Location: National Programs
Project Number: 0500-00053-003-13-G
Project Type: Grant
Start Date: May 27, 2009
End Date: May 26, 2014
Project Title 1 - Uniform Biocontrol Agent Test for Control of Fusarium Head Blight and Deoxynivalenol: The proposal for the 2008-2009 season is to continue participation in the Uniform Biological Control Agent Trial. Two winter wheat varieties of varying susceptibility to FHB were planted during the fall of 2008 so that applications of biologicals can be made during the 2009 growing season. Project Title 2 - Integrated Management of Fusarium Head Blight and Deoxynivalenol across Multiple Locations and Small Grain Classes: As a result of a workshop sponsored by the Chemical, Biological and Cultural Control Research Area in 2006, a protocol for a multi-state project focusing on integrated management strategies for FHB was developed. The research portion of this project would involve multi-state trials evaluating crop sequence, variety selection and fungicide application as an integrated management program for FHB. Timely dissemination of the research results is also a priority of this project. Project Title 3 - Within-Field Inoculum from Corn Debris and the Management of FHB/DON: Our experimental objective is to quantify the relative contribution of within-field corn debris as an inoculum source of Gibberella zeae for Fusarium head blight and DON contamination in 20 variable wheat or barley environments over two years, all in regions where corn is the predominant crop in the agricultural landscape and corn debris is left on the land surface over large areas. Specifically we will (1) elucidate the contribution of local inoculum sources to the temporal and spatial development of FHB epidemics, and this knowledge will, in turn, (2) help refine models for FHB risk assessment.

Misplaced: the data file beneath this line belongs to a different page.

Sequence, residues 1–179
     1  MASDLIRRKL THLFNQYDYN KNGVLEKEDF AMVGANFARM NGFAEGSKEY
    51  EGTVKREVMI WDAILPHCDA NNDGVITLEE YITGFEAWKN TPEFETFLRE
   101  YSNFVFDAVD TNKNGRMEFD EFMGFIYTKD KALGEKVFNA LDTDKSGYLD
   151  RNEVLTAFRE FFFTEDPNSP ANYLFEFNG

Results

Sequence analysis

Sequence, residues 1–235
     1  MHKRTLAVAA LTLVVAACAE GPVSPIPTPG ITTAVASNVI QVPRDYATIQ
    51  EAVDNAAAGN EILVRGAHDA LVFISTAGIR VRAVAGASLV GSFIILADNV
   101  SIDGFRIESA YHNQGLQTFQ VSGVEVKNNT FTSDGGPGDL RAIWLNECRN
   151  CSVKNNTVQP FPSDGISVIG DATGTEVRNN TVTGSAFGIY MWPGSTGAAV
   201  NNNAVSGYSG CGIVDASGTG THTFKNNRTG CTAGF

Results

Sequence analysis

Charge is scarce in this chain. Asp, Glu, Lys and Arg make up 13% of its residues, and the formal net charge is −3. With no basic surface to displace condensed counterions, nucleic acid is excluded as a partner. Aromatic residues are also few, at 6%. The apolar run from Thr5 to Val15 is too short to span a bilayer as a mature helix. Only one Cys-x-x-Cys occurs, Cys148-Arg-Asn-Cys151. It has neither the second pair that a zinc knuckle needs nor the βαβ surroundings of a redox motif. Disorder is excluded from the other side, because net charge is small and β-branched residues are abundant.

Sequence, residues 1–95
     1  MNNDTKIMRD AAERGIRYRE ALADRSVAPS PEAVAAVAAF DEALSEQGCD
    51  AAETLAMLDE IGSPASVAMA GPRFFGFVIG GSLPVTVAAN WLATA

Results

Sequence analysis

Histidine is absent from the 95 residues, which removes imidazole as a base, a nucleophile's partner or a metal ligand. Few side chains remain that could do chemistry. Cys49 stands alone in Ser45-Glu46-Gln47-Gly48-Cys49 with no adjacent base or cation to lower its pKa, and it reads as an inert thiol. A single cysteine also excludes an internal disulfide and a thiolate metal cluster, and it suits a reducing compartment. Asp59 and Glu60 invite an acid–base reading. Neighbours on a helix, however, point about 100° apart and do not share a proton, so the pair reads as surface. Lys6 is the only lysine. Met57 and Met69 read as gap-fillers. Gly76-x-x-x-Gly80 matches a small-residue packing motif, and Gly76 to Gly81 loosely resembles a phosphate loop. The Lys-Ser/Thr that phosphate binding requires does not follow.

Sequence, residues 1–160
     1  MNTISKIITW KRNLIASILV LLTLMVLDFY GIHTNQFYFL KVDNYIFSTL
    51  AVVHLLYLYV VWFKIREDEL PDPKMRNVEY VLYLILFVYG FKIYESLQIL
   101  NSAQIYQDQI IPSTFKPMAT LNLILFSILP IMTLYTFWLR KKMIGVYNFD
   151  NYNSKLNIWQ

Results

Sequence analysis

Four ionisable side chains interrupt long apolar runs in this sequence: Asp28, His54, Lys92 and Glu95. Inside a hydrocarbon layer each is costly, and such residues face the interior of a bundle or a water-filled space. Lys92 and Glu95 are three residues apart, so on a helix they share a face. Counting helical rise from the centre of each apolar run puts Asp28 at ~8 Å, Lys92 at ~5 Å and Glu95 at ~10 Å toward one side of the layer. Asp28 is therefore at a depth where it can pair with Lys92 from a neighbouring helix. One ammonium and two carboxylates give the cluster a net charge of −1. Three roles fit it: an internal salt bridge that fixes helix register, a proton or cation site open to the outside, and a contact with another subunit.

Project Title 1: The Uniform Biological Trial evalutes biological control agents that are close to market use against registered products with the objective of finding more effective products to use in managing FHB and thus reducing DON levels in grain. Project Title 2: The severity of Fusarium head blight (FHB) epidemics in the United States has caused enormous yield and quality losses in both wheat and barley over the last decade. The development of this disease is dependent on host genetics, a range of favorable environmental conditions, the prevalence of the causal fungus and the survival and spread of the causal fungus. Control of this disease has been difficult because of the complex nature of the host/pathogen interaction. Management of FHB and the associated mycotoxin DON have not been achieved by any single control measure. An integrated approach is critical to attaining the best possible control of FHB in any given environment. This proposal was to repeat the trial as done in 2006-2007 to see if results are reproducible and to obtain a second year’s data on the integrated management of FHB. The 2007-2008 season was quite favorable for the development of FHB. Differences between crop sequences in both yield and DON levels were significant. Fungicide applications also improved yield under both crop sequences. The current proposal is for a third year of the trial following the same protocol. Project Title 3: Building on techniques perfected in New York and Virginia in 2007-2008, we will use a marked (AFLP) isolate, release-recapture experimental approach to assess relative contribution of localized clonal inocula to infection of cereal heads at the source and at more than 100 feet from the source in commercial wheat and barley fields otherwise lacking corn or cereal debris. We expect that concentrated clonal inoculum may overestimate the contribution of local inoculum to FHB and DON, so we are also employing replicated microplots in each experimental field with naturally overwintered corn debris collected from sources close to those same wheat and barley fields. The research will be conducted in two commercial-scale wheat or barley fields per season in Illinois, Missouri, Nebraska, New York, and Virginia. All field sites are in regions with considerable acreage of over-wintered corn residues nearby.